By Carolyne

If you haven’t eaten grilled portobello mushrooms, you really don’t know what you are missing. Truly they taste like a good steak.

Quick and easy and beyond delicious, you can top the gill side pocket with any mixture you can create. Some people scrape out the gills. For me, it depends on what filling I have chosen to use.



The gills leach dark brown tea-like liquid and easily can discolour a light filling. Portobellos are generous in acceptance of many fillings. Buy them fresh and store them in the fridge or a cool place in a closed paper bag for just a few days. I wrap them gently in (white only) paper towel and then store in a brown paper bag. Definitely do not store any mushrooms in plastic bags. Mushrooms have natural high-water content, and plastic will cause them to sweat.

Keep a special soft-bristle, dry, never used, toothbrush handy in a protected cover to dust off any sandy soil bits from the mushrooms. A make-up soft brush dedicated for the kitchen will also work. Stores sell expensive mushroom brushes if you are so inclined to purchase. Avoid washing mushrooms if at all possible. They are extremely permeable.

I saw a TV show where our prime minister’s Sussex Drive chef inserted sheets of brown paper towel, the kind you often find in public washrooms, into a pot of simmering pears to keep them stable in the cooking pot. I could hardly believe my eyes. Wondered if this was an everyday practice. Or if the preparation would be served to honoured guests under the guise of food security guidelines. Oh, my! One could expect the show producer might have evaporated that shot?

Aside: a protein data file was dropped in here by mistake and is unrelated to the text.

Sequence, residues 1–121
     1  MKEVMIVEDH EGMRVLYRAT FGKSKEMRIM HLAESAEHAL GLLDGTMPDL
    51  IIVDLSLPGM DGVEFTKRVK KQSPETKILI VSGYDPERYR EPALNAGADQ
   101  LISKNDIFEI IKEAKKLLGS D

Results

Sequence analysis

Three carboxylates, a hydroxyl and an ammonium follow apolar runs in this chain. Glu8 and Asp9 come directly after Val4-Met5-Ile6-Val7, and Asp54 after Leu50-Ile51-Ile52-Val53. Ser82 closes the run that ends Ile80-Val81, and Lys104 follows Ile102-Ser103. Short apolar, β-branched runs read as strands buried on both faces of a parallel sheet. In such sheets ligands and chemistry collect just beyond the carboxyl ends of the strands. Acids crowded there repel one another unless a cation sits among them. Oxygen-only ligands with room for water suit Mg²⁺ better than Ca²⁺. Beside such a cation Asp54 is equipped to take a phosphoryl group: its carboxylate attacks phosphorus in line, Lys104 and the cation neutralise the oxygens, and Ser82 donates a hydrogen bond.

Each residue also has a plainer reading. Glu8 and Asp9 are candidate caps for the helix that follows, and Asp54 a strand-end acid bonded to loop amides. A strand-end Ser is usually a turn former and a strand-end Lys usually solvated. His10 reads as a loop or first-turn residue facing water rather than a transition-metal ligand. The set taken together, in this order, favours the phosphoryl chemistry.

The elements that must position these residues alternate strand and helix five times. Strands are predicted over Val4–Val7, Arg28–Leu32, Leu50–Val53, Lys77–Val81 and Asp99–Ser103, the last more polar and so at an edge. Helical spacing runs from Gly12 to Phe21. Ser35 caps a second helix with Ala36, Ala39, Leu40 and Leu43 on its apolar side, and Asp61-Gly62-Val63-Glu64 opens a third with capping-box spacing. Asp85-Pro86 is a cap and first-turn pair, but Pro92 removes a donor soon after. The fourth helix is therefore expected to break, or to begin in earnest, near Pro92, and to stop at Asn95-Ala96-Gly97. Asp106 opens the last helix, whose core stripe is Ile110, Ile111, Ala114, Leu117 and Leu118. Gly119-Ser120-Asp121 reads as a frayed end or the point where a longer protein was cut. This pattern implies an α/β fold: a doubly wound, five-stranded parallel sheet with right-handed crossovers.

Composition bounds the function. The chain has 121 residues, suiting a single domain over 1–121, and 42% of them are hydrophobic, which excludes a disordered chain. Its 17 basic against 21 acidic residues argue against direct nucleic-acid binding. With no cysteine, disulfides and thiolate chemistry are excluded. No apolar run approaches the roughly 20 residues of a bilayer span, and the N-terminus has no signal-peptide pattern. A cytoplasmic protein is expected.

Save those brown paper towels for mopping up spills or drips underfoot but never use for food prep.

Portobello filling

Prepare duck breast your favourite way. Slice thinly, on the diagonal. Adjust duck seasoning.

Grill a large portobello mushroom, about four-inch diameter, one for each person. Just drizzle a little Mazola corn oil, or your favourite oil, over each one, leaving the gills intact. Salt and pepper only when you remove the mushroom from the grill.

Immediately top the sliced duck with a drizzle of special béchamel sauce made using a roux cooked this way: add equal parts duck fat and flour. Add a little salt and fresh ground pepper, and a pinch of nutmeg.

Cook long enough to break down the flour, stirring constantly. Stir in a quarter cup of congealed cognac figgy jus from your fresh black mission fig marinating jar and reduce. (If you don’t have figgy jus, substitute a tablespoon of liquid honey.) Remove from heat as soon as you add honey; honey apparently loses some of its qualities.

Add to the special roux, a quarter cup of pulsed dried crispy bacon that is nearly pulverized. You are establishing flavour. Let the sauce rest briefly. Sprinkle with just a tiny bit of mashed oven-roasted garlic clove from your refrigerator-stored jar. Squeeze a little juice of a very sweet orange into the roux mix.

Flambé the cooked duck breast before carving. Deglaze the duck breast pan with a little more cognac. Pour the tablespoon or two of the deglaze liquid over the sliced duck. Mound the sliced duck onto the grilled portobello gills. Then add a tablespoon of the roux sauce to each serving.